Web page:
Managers face a myriad of challenges every day, and there isn’t a hard-and-fast handbook on how to successfully manage them (although many self-proclaimed experts have tried writing them), because every situation is different.
In a deep dive session at IMEX America’s Smart Monday powered by MPI, Eric Kaufmann, president of Sagatica, a leading firm in developing successful executives, shared what he calls “The Seven Deadly Sins of Management” and dared the leaders in attendance (members of the meetings industry with more than 15 years experience) to analyze how they are really managing their small businesses or departments.
“Mistakes are nature's way of showing you that you’re learning,” Kaufmann said. “As a manager, you will make mistakes, but you can avoid common managerial errors by knowing where the common pitfalls are."
Kaufmann’s “Seven Deadly Sins” are: Anger, Apathy, Assumption, Confusion, Greed, Laziness and Pride.
Anger. The worst of the worst. A leader who manages through situations by instilling fear in an individual or team threatens cohesiveness and productivity.
Apathy. If you don’t care about the outcomes and how those outcomes are achieved, how can you expect your team to care? A great leader in my career taught me to “inspect what you expect.” Great advice if you want to motivate any team (and yourself).
Assumption. To be an excellent manager, you must communicate efficiently and frequently. Failure to disseminate the proper information in a timely manner to your team leads to fragmented projects and missed objectives.
Confusion. Your teams take the lead from your direction. If you don’t have a clear path, how do you expect your team to end up in the same location?
Greed. Have you ever tried to do everything yourself? Doesn’t work out well, does it? Simply put, you don’t trust your team. If someone has violated your trust, work with them to rebuild it. But, first ask yourself, “Is there any reason why I shouldn’t trust this person?” If the answer is no, then give them the wings to fly and let them leave the nest. They may make a mistake or two along the way, but everyone will be stronger in the end because of it.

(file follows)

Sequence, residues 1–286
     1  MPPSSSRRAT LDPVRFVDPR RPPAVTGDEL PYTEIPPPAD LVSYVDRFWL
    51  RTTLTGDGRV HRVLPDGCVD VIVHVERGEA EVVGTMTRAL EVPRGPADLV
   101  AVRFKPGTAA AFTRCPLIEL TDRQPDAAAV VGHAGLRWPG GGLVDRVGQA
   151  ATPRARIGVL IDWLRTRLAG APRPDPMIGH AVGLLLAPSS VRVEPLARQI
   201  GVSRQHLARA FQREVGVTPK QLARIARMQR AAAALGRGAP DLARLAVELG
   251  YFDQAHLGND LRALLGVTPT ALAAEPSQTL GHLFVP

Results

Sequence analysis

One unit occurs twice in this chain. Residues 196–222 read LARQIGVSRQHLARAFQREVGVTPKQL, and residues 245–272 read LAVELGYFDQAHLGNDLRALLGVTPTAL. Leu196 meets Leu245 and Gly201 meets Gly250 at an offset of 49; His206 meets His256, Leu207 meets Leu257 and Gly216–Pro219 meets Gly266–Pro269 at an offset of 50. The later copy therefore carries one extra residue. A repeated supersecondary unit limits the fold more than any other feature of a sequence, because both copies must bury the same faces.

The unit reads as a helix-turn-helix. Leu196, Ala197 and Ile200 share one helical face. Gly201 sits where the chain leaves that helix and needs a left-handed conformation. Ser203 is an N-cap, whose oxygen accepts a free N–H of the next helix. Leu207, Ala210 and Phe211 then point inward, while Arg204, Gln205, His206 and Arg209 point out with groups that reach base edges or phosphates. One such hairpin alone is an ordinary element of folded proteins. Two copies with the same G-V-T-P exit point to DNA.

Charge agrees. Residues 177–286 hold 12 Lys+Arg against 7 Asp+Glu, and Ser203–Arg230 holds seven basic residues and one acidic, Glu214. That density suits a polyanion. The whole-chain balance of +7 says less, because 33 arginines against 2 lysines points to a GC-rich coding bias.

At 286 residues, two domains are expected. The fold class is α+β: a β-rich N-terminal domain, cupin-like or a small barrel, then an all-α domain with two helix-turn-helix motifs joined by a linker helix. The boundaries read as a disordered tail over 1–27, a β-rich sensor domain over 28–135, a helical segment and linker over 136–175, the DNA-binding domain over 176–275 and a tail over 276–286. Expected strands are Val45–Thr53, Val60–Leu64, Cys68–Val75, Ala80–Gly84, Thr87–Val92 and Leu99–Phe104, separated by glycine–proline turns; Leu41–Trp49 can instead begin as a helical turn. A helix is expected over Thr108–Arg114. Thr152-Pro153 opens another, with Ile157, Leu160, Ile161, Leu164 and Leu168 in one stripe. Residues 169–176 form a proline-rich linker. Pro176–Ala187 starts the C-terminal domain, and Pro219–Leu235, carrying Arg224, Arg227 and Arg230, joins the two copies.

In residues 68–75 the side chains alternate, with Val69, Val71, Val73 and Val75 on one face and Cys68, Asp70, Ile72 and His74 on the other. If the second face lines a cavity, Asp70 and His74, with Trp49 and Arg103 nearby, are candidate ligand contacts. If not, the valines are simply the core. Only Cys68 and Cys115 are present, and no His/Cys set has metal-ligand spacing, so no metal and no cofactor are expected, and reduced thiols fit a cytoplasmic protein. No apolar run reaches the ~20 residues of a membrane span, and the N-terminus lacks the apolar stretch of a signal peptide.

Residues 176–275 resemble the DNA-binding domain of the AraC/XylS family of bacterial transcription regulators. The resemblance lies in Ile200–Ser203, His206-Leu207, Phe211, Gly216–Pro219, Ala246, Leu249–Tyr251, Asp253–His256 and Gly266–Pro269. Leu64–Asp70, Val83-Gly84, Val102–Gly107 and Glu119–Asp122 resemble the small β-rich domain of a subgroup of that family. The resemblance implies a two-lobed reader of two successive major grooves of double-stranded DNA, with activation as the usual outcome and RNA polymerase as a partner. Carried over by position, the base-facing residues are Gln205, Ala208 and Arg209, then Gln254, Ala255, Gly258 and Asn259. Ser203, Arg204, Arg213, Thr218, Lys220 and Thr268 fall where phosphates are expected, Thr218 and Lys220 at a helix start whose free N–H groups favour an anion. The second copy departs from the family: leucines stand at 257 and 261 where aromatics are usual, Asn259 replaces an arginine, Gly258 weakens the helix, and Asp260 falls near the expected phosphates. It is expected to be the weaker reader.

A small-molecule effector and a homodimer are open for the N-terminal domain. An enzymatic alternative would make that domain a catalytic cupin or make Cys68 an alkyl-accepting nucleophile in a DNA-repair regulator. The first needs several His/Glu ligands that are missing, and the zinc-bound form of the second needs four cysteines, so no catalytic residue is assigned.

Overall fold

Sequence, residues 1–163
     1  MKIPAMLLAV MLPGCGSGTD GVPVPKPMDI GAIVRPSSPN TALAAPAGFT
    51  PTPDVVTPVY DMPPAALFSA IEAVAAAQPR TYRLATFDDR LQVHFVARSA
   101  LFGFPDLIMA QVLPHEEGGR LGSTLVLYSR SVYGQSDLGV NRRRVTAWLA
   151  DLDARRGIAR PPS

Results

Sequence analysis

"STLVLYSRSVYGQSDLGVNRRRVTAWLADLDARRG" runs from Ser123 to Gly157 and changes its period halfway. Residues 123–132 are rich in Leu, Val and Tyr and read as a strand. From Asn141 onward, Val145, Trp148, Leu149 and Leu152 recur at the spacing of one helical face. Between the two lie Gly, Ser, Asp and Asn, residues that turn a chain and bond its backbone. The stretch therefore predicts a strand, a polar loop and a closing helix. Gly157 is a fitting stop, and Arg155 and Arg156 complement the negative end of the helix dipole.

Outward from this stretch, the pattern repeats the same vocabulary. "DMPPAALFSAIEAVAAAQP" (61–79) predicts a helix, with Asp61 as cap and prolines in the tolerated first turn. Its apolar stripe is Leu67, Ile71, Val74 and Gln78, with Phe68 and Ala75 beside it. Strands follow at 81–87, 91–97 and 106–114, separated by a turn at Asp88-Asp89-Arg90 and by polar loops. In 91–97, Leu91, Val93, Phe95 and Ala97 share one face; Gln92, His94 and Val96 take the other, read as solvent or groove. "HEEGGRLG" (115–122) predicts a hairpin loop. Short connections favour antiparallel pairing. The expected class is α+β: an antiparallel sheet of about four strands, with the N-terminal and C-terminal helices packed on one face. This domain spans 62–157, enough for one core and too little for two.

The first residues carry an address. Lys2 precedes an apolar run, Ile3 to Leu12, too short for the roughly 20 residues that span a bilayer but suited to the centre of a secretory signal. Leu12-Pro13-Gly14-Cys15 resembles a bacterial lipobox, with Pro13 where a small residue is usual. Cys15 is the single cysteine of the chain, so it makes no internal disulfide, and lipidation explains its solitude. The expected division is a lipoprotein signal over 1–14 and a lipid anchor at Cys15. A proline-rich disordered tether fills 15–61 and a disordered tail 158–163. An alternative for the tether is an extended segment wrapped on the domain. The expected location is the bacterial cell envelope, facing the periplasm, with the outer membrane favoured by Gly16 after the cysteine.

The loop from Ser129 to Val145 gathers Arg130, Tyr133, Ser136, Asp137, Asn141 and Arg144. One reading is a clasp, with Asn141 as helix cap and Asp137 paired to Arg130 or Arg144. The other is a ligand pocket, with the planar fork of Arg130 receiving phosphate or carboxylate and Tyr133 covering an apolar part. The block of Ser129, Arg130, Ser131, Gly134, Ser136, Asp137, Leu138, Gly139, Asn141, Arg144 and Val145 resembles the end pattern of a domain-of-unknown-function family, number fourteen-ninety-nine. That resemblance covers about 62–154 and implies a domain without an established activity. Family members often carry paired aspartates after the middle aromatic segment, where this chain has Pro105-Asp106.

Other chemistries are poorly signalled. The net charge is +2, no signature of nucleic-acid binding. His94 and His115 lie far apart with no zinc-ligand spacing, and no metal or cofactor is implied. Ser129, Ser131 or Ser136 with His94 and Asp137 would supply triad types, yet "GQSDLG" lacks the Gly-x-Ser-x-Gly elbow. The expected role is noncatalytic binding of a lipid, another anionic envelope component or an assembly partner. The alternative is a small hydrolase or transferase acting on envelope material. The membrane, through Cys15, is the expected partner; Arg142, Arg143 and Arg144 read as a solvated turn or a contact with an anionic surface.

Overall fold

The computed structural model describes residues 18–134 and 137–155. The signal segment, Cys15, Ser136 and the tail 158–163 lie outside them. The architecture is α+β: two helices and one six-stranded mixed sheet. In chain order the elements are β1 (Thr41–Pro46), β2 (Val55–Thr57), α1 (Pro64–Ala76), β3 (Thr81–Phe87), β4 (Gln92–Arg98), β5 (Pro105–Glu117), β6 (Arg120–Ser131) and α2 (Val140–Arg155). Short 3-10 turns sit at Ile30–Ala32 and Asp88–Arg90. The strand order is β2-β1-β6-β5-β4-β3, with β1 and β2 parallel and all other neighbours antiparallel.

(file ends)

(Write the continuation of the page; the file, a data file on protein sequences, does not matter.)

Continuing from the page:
Laziness. Lazy leaders breed lazy teams. The best leaders know when it’s okay to have fun, sure, but they also aren’t short of focus. The best leaders are always studying, listening, thinking and creating.
Pride. If you’re a good leader, you can admit you aren’t an expert in everything. Know the expertise of everyone on your team and make sure you’re giving them the opportunities to excel at what they do best.
None of these should be a surprise to you. If you think about it, we’ve all been training for management positions since our earliest years, because the rule that guides all great leaders is really just simply: “Treat others the way you want to be treated.” Or, as the oft-quoted keynote speaker and best-selling author Brian Tracy, puts it: “Always practice Golden Rule #1 of management in everything you do: Manage others the way you would like to be managed.”
So next time you find yourself having to make an important management decision (there’s probably one waiting for you in the next email) step back, take a deep breath and ask yourself, how would I want my manager to respond? Am I living up to the highest standard? Am I leading by example?
But, as Kaufmann said, we all make mistakes—that’s inevitable.
I say, not ignoring the mistakes when we make them is the key to being a successful manager and a great leader.